The Fiat Coupé 20v Turbo may not have had the aggressive looks of an Audi Quattro, or its surplus of traction, but it certainly had the soundtrack thanks to its 220bhp 2.0-litre, five-cylinder engine.
It wasn't lacking pace, either. Fiat claimed a top speed of 155mph and a 0-60mph time as low as 6.3sec. The Coupé was also stylish, fun to drive, tuneable and – yes – reliable, if cared for.
With some searching, you should be able to net a clean, well documented Coupé with under 100,000 miles on the clock for £2000. Besides the usual checks, including the all-important cambelt, also ensure that the car comes with a red ‘master’ key. Replacing it could cost upwards of £1000.
Renault Alpine GTA (1986-1990) - £5000
Rear-engined, turbocharged, composite bodywork, a manual gearbox and six cylinders. These are all things to make most enthusiasts sit bolt upright and reach for the chequebook. But despite having all these boxes ticked, the Renault Alpine GTA V6 Turbo is often overlooked.
It may not have been a paragon of reliability, but cramming almost 10psi of boost into the throat of its 2.5-litre V6 helped to deliver 197bhp and 210lb ft. This, combined with a kerb weight of less than 1200kg and a drag coefficient of 0.30, meant GTAs could clock 0-60mph in about 6.0sec and top 150mph.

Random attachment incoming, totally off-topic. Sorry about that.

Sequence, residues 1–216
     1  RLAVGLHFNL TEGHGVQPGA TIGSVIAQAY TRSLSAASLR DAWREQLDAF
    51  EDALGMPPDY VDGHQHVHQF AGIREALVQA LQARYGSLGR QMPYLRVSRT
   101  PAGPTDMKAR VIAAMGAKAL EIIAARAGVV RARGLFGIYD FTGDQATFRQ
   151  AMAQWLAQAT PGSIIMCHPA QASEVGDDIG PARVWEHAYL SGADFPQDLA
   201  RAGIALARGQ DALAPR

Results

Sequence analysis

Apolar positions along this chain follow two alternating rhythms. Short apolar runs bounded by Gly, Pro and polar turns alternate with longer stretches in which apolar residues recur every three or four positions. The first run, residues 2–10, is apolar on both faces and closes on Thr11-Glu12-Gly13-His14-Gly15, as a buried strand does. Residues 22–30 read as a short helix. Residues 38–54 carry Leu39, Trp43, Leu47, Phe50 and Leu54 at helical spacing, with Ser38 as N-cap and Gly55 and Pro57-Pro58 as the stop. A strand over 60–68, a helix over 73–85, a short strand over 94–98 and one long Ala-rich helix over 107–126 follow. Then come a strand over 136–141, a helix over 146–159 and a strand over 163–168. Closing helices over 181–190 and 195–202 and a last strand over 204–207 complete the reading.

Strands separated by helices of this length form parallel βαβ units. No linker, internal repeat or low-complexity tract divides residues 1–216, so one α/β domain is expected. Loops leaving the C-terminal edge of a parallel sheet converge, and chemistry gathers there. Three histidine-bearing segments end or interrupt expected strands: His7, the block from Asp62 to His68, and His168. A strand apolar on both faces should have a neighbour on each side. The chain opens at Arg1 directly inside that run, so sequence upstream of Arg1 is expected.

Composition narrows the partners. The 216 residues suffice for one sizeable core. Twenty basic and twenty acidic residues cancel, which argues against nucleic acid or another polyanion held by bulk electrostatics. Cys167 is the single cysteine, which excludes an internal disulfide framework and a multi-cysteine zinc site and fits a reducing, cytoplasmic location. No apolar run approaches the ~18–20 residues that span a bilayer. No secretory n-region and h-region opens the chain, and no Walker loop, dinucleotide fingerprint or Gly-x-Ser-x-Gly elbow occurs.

They’re attention-grabbing cars, too, as well as being rewarding to drive and comfortable. There aren’t many around, but it’s possible to find one for £5000. Buy on condition, not mileage.
BMW 5-series saloon (2003-2010) - £10,000
Diesel engines have come a long way since their inception. The 3.0-litre unit found in 530d variants of the BMW 5-series was a good example of what compression-ignition engines were really capable of.
Besides being able to average 44mpg and put out 231bhp and 369lb ft, it was capable of propelling the 5-series to 155mph. Yes, BMW did offer a more potent 535d, but it wasn’t offered with a manual gearbox – and when you’re off the highways, a manual will allow you to have a little more fun with the composed rear-drive chassis.
For £10,000, you’ll be able to buy one of the more desirable post-facelift cars, launched in 2007, and it’ll have 70,000 to 100,000 miles on the odometer.
Keep a couple of grand in reserve, though, or opt for an aftermarket warranty, as the complex diesel engine can generate some eye-wateringly expensive repair bills.
Corvette C4 (1990-1995) - £20,000
There are many ways to exceed 150mph when you’ve upped your budget this far. The Corvette C4 ZR-1, launched in 1990, is one of the few that would allow you to do so for hour after hour, day after day.
Its quad-cam 5.7-litre ‘LT5’ V8, which was engineered by Lotus and built by the MerCruiser division of Mercury Marine, initially produced about 375bhp and 370lb ft. With sleek aerodynamics, a capable chassis and a six-speed ZF gearbox, the ZR-1 could sprint to 60mph in well under 4.9sec and exceed 170mph. Later versions were even faster.
The ZR-1 has also proved incredibly durable. On 1 March 1990, for example, a ZR-1 covered a record-breaking 5000 miles at a staggering average of 173.791mph.
Got continents to cross and don’t want to fly? Look no further. A £20,000 ZR-1 should be immaculate, totally standard and have less than 30,000 miles on the clock.
To find out what happened when we bought a £500 Jaguar and took it to Bruntingthorpe to see how fast it would go, click here.